What & Why

God wants us to see and to love our city the way he does. Vancouver is celebrated as one of the most livable urban regions on the planet and represents in many ways the desired future of cities. As a primary gateway city between Asia and the West, it is globally significant in fashioning culture and signalling sociological trends. But our very success as a city masks profound spiritual confusion and social dysfunction. 

God wants us, his church, to join him in seeking after the shalom – the  holistic wellbeing – of our city.  Why? Because this is our calling as his people, and because he has bound our own shalom to our city’s (Jeremiah 29:7). He is already empowering us through his Spirit to labour effectively for the spiritual and social transformation of our neighbours and neighbourhoods. If together we say yes to God, Vancouver can become an ideal laboratory for 21st Century mission in, to, and from cities around the world.

Over the next year, the Vancouver Consultation will use a process honed in 250 cities worldwide to engage leaders across the diversity of churches and ministries in

  • discovering and documenting highly effective local examples of mission
  • dialoguing with leaders of other sectors (government, health, education, etc.) for the common good
  • praying in a concerted, informed way for our city
  • discerning answers to three overarching questions ….

If we had to prove that God is alive and active in Vancouver, where would we take people to show them? What is God doing in our churches and neighbourhoods – where do we see signs of hope and deep flourishing?

What are the primary spiritual wounds, idols, and social injustices in our city?

How is the Holy Spirit prompting us to encourage, learn from, and cooperate with each other as well as with people of good will so that we become catalysts for peace and wellbeing?

The-Consulation-Process

Anticipated Outcomes

The Consultation process is a (spiritual) exercise regimen building up the Body of Christ “for good works, which God prepared beforehand to be our way of life” (Ephesians 2:10). In our highly secularized context, it is this way of life – cooperating in the mission of Jesus to bring healing to our neighbourhoods and the city as a whole – that will testify most winsomely to the truth and power of the Gospel.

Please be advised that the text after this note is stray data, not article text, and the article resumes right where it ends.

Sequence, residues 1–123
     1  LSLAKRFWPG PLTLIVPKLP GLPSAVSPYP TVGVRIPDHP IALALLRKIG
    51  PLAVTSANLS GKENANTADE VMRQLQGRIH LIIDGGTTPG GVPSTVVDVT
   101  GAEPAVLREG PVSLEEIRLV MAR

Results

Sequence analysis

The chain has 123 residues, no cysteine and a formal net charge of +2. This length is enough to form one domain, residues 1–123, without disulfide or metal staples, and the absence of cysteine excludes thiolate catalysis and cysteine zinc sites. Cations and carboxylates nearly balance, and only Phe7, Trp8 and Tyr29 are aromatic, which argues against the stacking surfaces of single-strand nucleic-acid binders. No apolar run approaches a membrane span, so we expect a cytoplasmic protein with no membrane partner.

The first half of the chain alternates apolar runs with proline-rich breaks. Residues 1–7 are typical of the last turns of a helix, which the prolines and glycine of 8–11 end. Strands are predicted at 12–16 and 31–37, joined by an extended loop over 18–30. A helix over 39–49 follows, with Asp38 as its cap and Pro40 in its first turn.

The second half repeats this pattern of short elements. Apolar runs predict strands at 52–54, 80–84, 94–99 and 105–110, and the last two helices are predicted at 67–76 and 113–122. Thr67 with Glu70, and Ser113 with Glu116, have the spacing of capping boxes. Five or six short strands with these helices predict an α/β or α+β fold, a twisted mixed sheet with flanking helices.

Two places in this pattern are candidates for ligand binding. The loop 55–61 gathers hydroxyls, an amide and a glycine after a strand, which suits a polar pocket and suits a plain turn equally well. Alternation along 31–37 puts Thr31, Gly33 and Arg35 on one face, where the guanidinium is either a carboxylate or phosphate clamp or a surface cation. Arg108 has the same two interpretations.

The ultimate outcome will be three aspects of a single dynamic: life in the city will be measurably improved, congregations will be strengthened, and the faithful will become more mature as new avenues of discipleship open up for serving the common good in the places where we live, work, play, and worship.

While the Consultation involves the non-profit sector and the marketplace, it centres on what local congregations can be and do. Beyond the Downtown Eastside, parachurch organizations have little presence, so churches are virtually the only available delivery vehicle for Christian ministry and social concern throughout 95% of the city. Anyone wanting to see the Christian community in Vancouver contribute more to the public good must work with and through congregations, not exclusively but primarily.

The Consultation is like a familiarization trip to an overseas mission context in advance of a long-term intensive commitment:

  • gaining insight about core aspects and institutions of the local culture
  • identifying experienced guides, best practices, community assets, and service gaps
  • yielding fresh frameworks and new data for approaching Vancouver theologically and sociologically
  • reducing unnecessary duplication (and cost) of effort
  • speeding the launch phase and improving most any project.

The Consultation is also like a dating service for congregations and ministries, increasing collaboration by helping groups find, trust, and work with each other (even despite denominational or cultural differences). Whether their shared interest is their geographic parish or an issue that touches the entire city, their work will be more efficient and effective and sustainable when they leverage their respective strengths.